Nadimé: approche du derviche-tourneur en dix lithographies
Toufik Berramdane; text by Frédéric Brandon
Paris: Arte Estampe, 1992
Nadimé is comprised of a set of ten small black-and-white lithographs printed on Velin d’Arches 300 gsm, wrapped in unstitched folded covers. The lithographs depict Sufi whirling dervishes, very impressionistic, almost calligraphic, but with clearly discernible swirling robes and tall fezzes.
Growing up in France, Toufik Berramdane knew of the whirling dervishes only from a documentary film, but they resonated as a mysterious part of his heritage. Why, he wondered, were whirling dervishes forbidden by Sunni Muslims? This trance-like dance “was part of me . . . It transcends belief and religion; it breaks frontiers of time and space.”
Two short poems in the book by the French artist Frédéric Brandon offer imaginative interpretation. One, titled “Le Derviche,” reads in translation:
Sentience, ecstasy, body’s gold;
Spirit freed in discipline’s hold
Bound for glory,
The dervish whirls on
Sailing above deserts,
hearing far below murmurs of chaos, necessary to know.
Go ahead Toufik: Whirl!
Paris, 5 May 1992. Brandon 
In the other poem, titled “Toufik,” Brandon is encouraging the young artist in his own whirling world:
Succeed joyfully, but not without resolve.
No time is more precious than time clearing contradictions
Between fullness and flatness, color to valor,
Following the line drawn from the heart.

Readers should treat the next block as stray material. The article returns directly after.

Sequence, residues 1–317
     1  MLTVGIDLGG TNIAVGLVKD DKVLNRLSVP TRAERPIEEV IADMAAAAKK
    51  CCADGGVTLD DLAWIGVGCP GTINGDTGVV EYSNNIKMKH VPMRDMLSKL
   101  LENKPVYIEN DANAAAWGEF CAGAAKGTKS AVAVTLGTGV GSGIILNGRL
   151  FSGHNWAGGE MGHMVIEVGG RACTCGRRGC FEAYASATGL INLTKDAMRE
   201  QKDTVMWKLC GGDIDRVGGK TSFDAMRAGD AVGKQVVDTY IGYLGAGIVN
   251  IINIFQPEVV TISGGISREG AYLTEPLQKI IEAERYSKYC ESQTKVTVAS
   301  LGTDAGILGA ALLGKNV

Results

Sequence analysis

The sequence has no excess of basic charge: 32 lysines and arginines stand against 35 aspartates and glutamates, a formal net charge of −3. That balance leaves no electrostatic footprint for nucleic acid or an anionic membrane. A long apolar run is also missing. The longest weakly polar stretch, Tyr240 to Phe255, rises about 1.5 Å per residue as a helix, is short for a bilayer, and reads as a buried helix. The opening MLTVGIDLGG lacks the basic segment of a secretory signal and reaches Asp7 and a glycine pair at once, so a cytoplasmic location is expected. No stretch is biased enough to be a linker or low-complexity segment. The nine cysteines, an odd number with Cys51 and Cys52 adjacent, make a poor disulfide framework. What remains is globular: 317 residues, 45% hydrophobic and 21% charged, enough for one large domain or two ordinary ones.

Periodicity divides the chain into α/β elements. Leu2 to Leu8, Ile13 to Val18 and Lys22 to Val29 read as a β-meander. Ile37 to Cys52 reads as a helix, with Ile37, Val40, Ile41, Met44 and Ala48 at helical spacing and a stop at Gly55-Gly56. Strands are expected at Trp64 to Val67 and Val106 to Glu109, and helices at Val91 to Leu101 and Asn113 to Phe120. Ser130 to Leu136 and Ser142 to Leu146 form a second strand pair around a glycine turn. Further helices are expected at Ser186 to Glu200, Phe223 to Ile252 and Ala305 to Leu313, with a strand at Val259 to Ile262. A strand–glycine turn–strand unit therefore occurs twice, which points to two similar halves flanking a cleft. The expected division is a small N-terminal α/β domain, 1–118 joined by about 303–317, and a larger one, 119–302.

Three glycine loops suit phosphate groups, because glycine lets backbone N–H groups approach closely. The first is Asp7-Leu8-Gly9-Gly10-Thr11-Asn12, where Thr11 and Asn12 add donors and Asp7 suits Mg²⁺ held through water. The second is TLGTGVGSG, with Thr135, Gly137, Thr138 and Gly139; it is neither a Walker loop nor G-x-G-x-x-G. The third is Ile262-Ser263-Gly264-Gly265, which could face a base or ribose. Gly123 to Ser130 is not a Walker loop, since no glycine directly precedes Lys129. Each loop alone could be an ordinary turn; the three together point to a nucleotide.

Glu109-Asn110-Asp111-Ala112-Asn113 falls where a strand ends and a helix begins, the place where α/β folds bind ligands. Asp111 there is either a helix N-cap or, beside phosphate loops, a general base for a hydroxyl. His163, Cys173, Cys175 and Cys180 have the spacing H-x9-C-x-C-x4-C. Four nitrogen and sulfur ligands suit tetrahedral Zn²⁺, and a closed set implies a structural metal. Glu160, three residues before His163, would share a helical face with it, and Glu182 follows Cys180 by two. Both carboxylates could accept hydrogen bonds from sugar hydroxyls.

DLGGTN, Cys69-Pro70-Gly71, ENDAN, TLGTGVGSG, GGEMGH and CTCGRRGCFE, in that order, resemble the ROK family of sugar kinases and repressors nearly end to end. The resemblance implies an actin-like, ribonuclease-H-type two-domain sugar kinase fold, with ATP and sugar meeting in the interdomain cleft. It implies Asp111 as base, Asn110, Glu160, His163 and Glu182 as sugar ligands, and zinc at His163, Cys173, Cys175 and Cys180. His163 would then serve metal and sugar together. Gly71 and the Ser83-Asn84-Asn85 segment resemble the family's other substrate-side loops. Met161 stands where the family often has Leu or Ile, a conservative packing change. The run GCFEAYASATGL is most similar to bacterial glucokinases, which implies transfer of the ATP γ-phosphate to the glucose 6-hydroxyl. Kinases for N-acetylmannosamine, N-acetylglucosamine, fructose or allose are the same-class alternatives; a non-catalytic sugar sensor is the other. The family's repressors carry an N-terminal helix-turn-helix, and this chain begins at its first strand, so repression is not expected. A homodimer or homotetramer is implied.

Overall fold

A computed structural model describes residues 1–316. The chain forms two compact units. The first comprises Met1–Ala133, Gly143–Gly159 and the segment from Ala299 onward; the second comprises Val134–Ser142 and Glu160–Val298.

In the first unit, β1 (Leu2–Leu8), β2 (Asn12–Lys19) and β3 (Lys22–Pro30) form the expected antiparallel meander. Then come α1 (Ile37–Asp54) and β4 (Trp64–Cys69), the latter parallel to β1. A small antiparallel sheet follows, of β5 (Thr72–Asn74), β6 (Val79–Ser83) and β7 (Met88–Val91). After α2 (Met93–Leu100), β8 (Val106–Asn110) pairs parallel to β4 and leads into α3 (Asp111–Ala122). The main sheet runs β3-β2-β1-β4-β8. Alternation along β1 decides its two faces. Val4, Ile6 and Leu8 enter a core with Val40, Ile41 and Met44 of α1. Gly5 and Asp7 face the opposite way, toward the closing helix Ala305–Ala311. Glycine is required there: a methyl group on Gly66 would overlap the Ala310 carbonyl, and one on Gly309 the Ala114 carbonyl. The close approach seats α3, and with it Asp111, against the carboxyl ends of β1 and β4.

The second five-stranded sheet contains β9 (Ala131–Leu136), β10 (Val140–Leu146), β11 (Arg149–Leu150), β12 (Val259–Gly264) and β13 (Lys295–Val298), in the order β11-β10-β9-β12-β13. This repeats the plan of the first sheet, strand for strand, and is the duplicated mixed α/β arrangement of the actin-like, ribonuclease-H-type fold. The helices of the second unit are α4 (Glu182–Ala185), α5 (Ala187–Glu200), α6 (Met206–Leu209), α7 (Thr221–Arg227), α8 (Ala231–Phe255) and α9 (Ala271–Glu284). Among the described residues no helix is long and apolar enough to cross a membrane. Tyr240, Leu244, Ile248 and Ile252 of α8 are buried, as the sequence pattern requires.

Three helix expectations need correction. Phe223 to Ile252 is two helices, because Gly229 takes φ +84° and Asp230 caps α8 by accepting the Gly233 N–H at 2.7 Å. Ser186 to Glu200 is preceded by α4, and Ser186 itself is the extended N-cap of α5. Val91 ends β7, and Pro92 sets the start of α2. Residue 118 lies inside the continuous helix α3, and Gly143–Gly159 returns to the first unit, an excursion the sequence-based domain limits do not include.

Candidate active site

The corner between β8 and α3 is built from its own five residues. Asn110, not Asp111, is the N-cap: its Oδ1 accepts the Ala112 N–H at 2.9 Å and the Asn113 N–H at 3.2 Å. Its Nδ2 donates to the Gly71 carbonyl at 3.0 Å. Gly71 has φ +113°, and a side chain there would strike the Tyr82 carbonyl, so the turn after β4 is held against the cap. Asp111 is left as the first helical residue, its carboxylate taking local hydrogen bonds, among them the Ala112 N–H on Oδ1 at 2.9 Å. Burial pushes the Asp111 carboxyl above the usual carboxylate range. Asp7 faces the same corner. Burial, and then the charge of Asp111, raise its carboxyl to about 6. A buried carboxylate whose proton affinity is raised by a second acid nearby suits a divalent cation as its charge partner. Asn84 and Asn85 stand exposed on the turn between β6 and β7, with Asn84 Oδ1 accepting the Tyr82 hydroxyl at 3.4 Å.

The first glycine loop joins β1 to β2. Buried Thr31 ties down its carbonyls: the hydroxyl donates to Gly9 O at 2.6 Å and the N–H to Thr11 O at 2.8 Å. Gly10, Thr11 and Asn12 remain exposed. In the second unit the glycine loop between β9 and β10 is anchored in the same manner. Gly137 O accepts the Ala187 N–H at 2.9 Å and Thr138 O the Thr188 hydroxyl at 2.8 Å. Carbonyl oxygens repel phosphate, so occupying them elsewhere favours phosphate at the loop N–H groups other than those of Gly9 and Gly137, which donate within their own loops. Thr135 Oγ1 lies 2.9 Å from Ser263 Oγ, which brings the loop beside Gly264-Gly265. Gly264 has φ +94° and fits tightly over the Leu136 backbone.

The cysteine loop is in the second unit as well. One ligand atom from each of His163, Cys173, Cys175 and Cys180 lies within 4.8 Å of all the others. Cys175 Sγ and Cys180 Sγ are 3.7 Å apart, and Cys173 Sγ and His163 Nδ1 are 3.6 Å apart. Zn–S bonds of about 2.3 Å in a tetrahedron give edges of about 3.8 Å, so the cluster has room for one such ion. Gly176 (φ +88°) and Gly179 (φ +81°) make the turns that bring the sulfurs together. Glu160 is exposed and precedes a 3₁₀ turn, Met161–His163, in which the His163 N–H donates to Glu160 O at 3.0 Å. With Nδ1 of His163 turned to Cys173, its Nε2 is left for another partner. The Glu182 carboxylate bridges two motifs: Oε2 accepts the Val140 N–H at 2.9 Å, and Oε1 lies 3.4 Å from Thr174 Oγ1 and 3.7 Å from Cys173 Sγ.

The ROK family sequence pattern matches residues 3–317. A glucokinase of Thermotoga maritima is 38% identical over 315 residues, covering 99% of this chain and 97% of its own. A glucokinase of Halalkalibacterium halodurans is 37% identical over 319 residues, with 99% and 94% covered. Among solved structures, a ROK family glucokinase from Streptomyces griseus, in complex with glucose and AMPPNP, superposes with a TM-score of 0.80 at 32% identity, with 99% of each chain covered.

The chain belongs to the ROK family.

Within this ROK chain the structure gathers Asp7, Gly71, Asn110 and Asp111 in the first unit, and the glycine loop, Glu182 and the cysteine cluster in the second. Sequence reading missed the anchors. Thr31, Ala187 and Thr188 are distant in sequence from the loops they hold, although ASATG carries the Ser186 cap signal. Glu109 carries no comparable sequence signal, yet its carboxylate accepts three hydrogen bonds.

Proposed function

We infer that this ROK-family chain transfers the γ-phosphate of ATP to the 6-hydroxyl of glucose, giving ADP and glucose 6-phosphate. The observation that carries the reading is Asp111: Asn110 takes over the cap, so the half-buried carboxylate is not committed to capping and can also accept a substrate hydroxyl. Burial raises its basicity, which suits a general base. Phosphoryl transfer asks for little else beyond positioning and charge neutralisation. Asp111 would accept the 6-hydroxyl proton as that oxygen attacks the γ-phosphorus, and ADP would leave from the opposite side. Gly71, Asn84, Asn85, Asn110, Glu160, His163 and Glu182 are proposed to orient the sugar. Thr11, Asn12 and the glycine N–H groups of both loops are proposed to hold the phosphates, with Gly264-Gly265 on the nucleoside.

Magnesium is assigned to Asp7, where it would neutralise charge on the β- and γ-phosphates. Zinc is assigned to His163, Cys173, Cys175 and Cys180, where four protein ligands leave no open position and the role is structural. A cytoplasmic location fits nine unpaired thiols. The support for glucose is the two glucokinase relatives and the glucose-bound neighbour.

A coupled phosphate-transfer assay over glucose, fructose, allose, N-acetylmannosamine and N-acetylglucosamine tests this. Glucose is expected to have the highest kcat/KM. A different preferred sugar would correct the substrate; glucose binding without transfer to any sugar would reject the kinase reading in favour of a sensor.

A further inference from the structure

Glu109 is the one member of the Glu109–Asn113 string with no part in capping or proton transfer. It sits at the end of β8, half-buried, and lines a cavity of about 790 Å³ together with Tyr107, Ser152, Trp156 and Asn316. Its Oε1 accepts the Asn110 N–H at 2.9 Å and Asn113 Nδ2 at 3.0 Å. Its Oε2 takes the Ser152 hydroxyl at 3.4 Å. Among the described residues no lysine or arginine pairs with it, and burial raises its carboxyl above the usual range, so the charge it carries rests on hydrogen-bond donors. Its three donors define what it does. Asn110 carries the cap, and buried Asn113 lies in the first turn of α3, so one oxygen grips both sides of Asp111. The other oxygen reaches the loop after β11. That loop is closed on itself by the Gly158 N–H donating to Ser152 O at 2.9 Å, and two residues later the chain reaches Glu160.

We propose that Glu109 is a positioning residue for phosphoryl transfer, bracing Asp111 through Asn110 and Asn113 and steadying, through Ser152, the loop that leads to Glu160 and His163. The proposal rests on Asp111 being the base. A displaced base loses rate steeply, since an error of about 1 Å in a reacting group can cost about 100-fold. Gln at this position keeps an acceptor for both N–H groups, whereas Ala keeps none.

Be quick, though, exhibition deadlines, deliverables, research, production . . .
The train leaves early morning . . . along with Nadimé.
Nadimé means the “medina,” or the old part of the Arab city, in the French code language known as verlan, which reverses syllables:
Na.di.me = Me.di.na. Nadime = Medina.
About the Artist
Toufik Berramdane, born 1967, is a transnational artist: Algerian mother, Moroccan father, raised in Algeria and Paris, lives in France and Morocco. He is largely self-taught and began his career in France as a fashion and textile designer. Early on he met French artist Frédéric Brandon, who encouraged and mentored him. Berramdane made two artist’s books in the early 1990s, then moved on to painting, for which he is now better known. He also does sculpture and photography, but artist’s books let him explore a subject more deeply than a single canvas or photograph allows. He is working on an artist’s book combining photography and stories of Moroccans entitled Maroc 365°.
Toufik Berramdane: 100 permis. Rabat: Alterdeco Editions, 2010.
Toufik Berramdane. toufikberramdane.com
 Toufik Berramdane, e-mail message, September 18, 2013.
 Translations from the French by Francine Farr.
 See his Toufik Berramdane: 100 permis (2010)